The Best Savings Accounts in Iowa for 2022

Finding the right savings account is important for growing your money. Learn which banks offer the best savings accounts in Iowa and compare.
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By Rebecca Lake

The skyline of Des Moines, Iowa during a fall day

 

Opening a savings account can help you to get closer to your goals. If you live in Iowa, you may be wondering what options you have for finding the best savings accounts.

The Iowa Division of Banking reports that since 2005, the number of banks in Iowa has been on the decline. Still, there are still plenty of places to save and earn a great interest rate on deposits.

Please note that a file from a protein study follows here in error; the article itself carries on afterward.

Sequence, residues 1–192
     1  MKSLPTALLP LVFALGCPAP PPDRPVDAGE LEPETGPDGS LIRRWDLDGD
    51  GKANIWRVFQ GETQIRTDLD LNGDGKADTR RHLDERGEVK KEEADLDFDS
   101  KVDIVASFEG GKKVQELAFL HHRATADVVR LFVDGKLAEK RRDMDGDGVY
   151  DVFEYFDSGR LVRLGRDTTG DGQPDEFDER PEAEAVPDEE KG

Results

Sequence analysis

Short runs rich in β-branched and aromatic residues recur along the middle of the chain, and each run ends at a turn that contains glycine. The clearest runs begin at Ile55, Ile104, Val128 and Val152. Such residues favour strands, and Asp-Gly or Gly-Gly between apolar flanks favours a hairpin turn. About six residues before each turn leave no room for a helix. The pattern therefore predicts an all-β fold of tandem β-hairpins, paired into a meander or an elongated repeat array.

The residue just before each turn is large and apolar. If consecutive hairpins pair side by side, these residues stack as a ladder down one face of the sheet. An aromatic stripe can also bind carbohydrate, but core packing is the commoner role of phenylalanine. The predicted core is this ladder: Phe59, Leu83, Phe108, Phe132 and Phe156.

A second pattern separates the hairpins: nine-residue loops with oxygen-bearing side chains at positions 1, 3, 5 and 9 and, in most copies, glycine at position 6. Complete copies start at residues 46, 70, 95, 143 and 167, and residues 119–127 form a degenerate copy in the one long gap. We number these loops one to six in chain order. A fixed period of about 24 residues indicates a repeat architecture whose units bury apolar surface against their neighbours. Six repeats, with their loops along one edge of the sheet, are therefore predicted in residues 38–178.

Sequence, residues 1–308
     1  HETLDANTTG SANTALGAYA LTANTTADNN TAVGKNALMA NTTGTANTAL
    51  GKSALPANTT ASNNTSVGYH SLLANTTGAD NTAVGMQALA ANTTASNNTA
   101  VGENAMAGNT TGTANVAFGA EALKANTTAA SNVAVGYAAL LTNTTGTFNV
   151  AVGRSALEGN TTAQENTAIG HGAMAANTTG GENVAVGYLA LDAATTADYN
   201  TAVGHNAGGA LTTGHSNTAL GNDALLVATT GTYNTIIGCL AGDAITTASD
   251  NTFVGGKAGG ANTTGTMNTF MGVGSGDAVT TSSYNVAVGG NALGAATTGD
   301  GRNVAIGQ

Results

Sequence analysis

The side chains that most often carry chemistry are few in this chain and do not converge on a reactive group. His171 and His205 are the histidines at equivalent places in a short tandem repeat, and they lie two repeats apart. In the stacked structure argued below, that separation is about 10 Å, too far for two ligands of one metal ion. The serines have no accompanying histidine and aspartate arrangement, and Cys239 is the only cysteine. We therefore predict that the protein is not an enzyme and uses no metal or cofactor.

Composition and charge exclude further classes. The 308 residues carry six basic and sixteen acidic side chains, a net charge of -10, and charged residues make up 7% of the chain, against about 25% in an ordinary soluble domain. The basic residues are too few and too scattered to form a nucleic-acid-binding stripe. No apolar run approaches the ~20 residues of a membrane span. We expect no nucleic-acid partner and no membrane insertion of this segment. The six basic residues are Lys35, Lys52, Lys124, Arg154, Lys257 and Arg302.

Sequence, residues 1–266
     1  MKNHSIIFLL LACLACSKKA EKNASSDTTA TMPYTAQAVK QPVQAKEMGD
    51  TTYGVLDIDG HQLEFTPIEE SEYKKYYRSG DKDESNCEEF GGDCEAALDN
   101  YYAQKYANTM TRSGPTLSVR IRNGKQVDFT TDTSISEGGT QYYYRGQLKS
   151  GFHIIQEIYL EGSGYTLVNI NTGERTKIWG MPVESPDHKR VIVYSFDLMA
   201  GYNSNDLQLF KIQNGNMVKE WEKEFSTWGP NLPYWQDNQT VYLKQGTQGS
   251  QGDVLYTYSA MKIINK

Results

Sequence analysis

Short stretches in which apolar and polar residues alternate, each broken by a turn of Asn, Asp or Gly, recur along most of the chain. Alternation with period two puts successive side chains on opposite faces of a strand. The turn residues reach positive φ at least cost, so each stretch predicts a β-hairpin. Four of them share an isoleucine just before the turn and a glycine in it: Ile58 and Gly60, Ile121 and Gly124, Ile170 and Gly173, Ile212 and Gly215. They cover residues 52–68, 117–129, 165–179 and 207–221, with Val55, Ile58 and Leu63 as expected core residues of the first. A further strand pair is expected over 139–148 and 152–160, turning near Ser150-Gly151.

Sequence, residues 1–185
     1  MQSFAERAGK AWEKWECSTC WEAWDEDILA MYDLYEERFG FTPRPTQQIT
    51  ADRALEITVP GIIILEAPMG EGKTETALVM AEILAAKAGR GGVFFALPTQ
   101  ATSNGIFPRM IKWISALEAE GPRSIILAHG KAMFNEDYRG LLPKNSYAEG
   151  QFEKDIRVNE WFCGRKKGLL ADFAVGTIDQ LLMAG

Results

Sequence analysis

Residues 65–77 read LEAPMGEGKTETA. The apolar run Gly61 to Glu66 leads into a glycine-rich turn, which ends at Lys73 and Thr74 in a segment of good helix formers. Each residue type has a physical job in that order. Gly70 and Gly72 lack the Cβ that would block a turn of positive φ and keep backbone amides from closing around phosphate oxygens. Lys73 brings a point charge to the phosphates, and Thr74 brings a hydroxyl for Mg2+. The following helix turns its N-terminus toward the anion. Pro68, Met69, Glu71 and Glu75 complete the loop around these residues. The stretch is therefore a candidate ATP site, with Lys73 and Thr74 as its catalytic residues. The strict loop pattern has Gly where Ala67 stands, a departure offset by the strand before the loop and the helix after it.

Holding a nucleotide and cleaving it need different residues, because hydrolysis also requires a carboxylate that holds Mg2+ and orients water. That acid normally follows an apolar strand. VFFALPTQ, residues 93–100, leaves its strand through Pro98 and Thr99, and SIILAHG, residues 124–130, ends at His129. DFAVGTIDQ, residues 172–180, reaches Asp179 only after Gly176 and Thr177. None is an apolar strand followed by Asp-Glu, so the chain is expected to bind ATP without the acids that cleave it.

Keep reading to learn where to find the best savings accounts in Iowa, including traditional banks, credit unions, and online banks.

The Best Savings Accounts in Iowa

  • Barclays
  • Marcus by Goldman Sachs
  • CIT Bank
  • American Express National Bank
  • Bread Savings
  • Grinnell State Bank
  • Community 1st Credit Union

Compare savings accounts and see what rates are being offered today.

Online Savings Accounts Available in Iowa

Opening a savings account online has its advantages, including the opportunity to earn competitive rates with low fees. If you’re interested in online savings accounts, here are five banks that offer accounts in Iowa.

Barclays

Barclays is headquartered in Wilmington, Delaware but it offers online savings accounts nationwide, including in the state of Iowa. The bank itself has a long history stretching back over three centuries.

Key features:

  • Savers earn a competitive APY and interest rate
  • Direct deposit makes it easy to add funds automatically
  • No minimum balance is required to open an account
  • No monthly maintenance fees